A regeneratively amplified laser source (RegA 9000, pumped and seeded by a Vitesse duo; Coherent) provides 800 nm, 200 fs pulses with up to 1.5 μJ per pulse (measured at the sample plane) at 150 KHz repetition rate. Illumination power is controlled by a Pockels cell (Conoptics), and a beam expander is used to expand the laser beam cross section. For SLITE microscopy, the beam is scanned in the line lateral direction using a single scanning mirror (Cambridge Technologies), focused by a cylindrical lens (f=100 mm) on a transmission grating surface, and diffracted by the DPG (Wasatch Photonics). The prism angles (48° × 42° × 90°, BK7 glass) and the diffraction grating groove density (1,200 lines mm−1) are designed to refract and diffract the laser’s central wavelength (800 nm) toward the same direction of the incoming light propagation, and have an efficiency of 85% for both polarization states. The microscope’s tube (Nikon) and objective lenses (Zeiss × 10 NA=0.45, Olympus × 20 NA=0.5; actual magnifications=12 and 22, respectively due to the different tube), mounted in a 4f configuration, image the grating surface onto the objective focal plane—where a temporally focused line is obtained. We image this line using an epi-detection scheme (Fig. 1a), where the fluorescence light is reflected by a dichroic mirror (Chroma) towards an EMCCD camera (iXon 885, Andor Technology). Each line scan cycle is synchronized with one image acquisition (Supplementary Fig. 2). The camera’s maximal imaging rate is 200 frames s−1 for 100 lines per image reading, and therefore we also used 5 ms for the line scanning. The objective lens was moved axially by a piezoelectric device (Nanomotion) with rates of up to 20 Hz and controlled amplitude of up to several millimetres, with resolution of 50 nm. After picking an axial scanning amplitude and rate, the planar images number per cycle (usually 10–20 images per 100 ms, and axial range of 150–300 μm in our experiments) defines the axial resolution. To minimize the tissue exposure to light, the Pockels cell blocked the laser beam intensity when the piezoelectric device returned the objective lens to its initial position at the end of volumetric scanning cycle (Supplementary Fig. 2); thus only 90% of the images contained information.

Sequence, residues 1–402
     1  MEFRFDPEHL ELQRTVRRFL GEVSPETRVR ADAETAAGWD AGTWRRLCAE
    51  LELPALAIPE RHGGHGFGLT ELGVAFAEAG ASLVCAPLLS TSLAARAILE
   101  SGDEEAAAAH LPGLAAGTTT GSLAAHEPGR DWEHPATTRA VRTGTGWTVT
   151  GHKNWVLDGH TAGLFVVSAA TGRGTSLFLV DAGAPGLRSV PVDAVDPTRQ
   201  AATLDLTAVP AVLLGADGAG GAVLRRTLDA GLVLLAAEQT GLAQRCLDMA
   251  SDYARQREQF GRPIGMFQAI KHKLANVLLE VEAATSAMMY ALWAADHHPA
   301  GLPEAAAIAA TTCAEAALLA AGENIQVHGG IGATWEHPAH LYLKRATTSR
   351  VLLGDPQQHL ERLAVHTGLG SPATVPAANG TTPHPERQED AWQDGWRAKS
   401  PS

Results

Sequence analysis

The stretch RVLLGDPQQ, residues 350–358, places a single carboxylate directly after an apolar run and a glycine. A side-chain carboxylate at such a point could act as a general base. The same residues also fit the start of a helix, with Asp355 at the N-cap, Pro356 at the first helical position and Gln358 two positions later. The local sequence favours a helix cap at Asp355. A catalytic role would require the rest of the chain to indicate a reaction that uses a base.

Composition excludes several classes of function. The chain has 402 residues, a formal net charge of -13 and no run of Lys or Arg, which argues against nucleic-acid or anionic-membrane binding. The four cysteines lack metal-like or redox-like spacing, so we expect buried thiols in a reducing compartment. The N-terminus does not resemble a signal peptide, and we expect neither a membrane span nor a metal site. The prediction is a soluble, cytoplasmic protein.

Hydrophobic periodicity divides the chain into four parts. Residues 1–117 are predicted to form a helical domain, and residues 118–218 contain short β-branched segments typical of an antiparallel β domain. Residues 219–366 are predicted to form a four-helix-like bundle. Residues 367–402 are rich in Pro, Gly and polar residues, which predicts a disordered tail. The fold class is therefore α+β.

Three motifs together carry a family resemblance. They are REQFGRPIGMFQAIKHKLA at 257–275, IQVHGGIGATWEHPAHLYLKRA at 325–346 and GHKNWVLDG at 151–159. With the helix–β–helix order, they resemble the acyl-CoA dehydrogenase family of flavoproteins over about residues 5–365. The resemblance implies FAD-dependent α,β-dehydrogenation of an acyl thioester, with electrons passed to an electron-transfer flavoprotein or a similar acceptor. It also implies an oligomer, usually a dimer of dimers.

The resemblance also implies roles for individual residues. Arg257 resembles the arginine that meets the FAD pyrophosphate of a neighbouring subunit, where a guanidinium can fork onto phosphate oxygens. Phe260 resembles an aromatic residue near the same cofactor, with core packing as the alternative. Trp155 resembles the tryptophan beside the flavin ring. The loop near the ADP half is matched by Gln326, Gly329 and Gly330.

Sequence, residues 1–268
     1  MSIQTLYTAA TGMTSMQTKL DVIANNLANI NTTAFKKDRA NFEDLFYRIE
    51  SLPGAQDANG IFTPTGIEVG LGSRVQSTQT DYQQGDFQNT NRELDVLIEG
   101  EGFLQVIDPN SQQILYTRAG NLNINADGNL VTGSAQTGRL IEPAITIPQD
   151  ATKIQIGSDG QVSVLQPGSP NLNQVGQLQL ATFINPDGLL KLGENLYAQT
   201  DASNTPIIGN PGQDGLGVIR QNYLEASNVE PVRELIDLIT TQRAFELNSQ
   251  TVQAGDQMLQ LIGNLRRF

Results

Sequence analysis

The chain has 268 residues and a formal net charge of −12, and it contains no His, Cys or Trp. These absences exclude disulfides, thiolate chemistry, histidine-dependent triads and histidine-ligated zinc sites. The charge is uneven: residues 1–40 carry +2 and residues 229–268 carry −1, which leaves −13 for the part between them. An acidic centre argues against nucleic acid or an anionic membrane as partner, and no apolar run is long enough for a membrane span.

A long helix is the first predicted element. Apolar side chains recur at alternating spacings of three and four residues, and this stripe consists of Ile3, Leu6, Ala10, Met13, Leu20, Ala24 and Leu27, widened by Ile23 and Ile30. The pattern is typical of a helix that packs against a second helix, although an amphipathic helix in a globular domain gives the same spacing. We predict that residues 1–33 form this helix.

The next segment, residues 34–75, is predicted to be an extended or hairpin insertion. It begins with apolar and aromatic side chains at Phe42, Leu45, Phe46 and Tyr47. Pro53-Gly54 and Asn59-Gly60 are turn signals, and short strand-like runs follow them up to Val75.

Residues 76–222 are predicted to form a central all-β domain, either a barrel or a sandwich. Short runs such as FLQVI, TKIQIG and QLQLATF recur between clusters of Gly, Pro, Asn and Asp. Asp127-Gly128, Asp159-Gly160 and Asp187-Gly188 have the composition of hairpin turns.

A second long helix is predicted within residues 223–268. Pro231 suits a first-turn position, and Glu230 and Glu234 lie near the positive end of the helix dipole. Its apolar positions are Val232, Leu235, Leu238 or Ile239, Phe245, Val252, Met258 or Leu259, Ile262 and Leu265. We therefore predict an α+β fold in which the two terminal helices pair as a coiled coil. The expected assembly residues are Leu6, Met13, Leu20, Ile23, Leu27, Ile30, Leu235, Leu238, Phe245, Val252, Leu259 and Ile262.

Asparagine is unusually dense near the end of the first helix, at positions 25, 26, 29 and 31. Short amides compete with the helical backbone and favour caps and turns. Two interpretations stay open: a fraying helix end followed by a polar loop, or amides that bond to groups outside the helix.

Switching from SLITE microscopy to TPLSM is simply done by replacing the cylindrical lens and DPG with a scan lens (Fig. 1a), two galvanometric mirrors are used to scan the beam, and the dichroic mirror is rotated to direct the fluorescence signal toward a photomultiplier tube (Hamamatsu). TPLSM images were acquired using the ScanImage software45, typically with 512 × 512 pixels and a 4 ms per line rate. Therefore, a single planar image acquisition time was 400 times longer than SLITE image.

Preparation of 3D neural cultures

The animal experiments and procedures were approved by the Institutional Animal Care Committee at Technion—Israel Institute of Technology and were in accord with the National Institutes of Health Guide for the Care and Use of Laboratory Animals.

We removed and diced cortical tissue from embryonic day 18 (E18) Sprague Dawley rats in cold phosphate-buffered saline (PBS) solution with 20 mM glucose, mechanically dissociated neural cells (by forcing a few times through a pipette), and filtered the suspension using a 70 μm cell strainer (Biologix). A total of 1.2–1.8 million cells were encapsulated in 30 μl Matrigel scaffold (Growth factor reduced, BD Biosciences). Culturing media was composed of Minimal Essential Media (MEM, Sigma) containing 17 mM glucose, 100 μl ml−1 of NU Serum (BD Biosciences), 30 mg ml−1 of L-glutamine (Sigma), 1:500 B-27 supplement (Gibco), 50 ng ml−1 of nerve growth factor (NGF, Alomone labs), 10 ng ml−1 of brain-derived neurotrophic factor (BDNF, R&D systems), 25 μg ml−1 of insulin (Sigma), and 2 μg ml−1 of gentamicin. Half the volume of the culturing media was replaced twice a week. In a second group of cultures, 3 μM of arabinofuranosyl cytidine (ARA-C, Sigma) to inhibit glial cell proliferation was added once at DIV3.

Staining and image analysis